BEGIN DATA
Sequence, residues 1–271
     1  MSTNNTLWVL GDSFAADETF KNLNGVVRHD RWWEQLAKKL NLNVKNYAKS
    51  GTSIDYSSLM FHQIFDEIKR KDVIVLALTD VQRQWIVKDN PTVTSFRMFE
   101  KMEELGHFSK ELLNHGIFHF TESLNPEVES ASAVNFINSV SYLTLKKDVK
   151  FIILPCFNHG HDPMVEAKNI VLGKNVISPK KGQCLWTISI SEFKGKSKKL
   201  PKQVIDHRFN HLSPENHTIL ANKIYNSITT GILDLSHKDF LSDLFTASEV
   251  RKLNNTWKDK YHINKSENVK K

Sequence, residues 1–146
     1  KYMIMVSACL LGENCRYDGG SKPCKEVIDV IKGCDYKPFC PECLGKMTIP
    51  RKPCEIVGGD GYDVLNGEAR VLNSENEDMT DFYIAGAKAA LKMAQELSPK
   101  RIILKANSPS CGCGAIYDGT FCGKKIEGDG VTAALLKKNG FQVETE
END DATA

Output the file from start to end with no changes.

Sequence, residues 1–271
     1  MSTNNTLWVL GDSFAADETF KNLNGVVRHD RWWEQLAKKL NLNVKNYAKS
    51  GTSIDYSSLM FHQIFDEIKR KDVIVLALTD VQRQWIVKDN PTVTSFRMFE
   101  KMEELGHFSK ELLNHGIFHF TESLNPEVES ASAVNFINSV SYLTLKKDVK
   151  FIILPCFNHG HDPMVEAKNI VLGKNVISPK KGQCLWTISI SEFKGKSKKL
   201  PKQVIDHRFN HLSPENHTIL ANKIYNSITT GILDLSHKDF LSDLFTASEV
   251  RKLNNTWKDK YHINKSENVK K

Sequence, residues 1–146
     1  KYMIMVSACL LGENCRYDGG SKPCKEVIDV IKGCDYKPFC PECLGKMTIP
    51  RKPCEIVGGD GYDVLNGEAR VLNSENEDMT DFYIAGAKAA LKMAQELSPK
   101  RIILKANSPS CGCGAIYDGT FCGKKIEGDG VTAALLKKNG FQVETE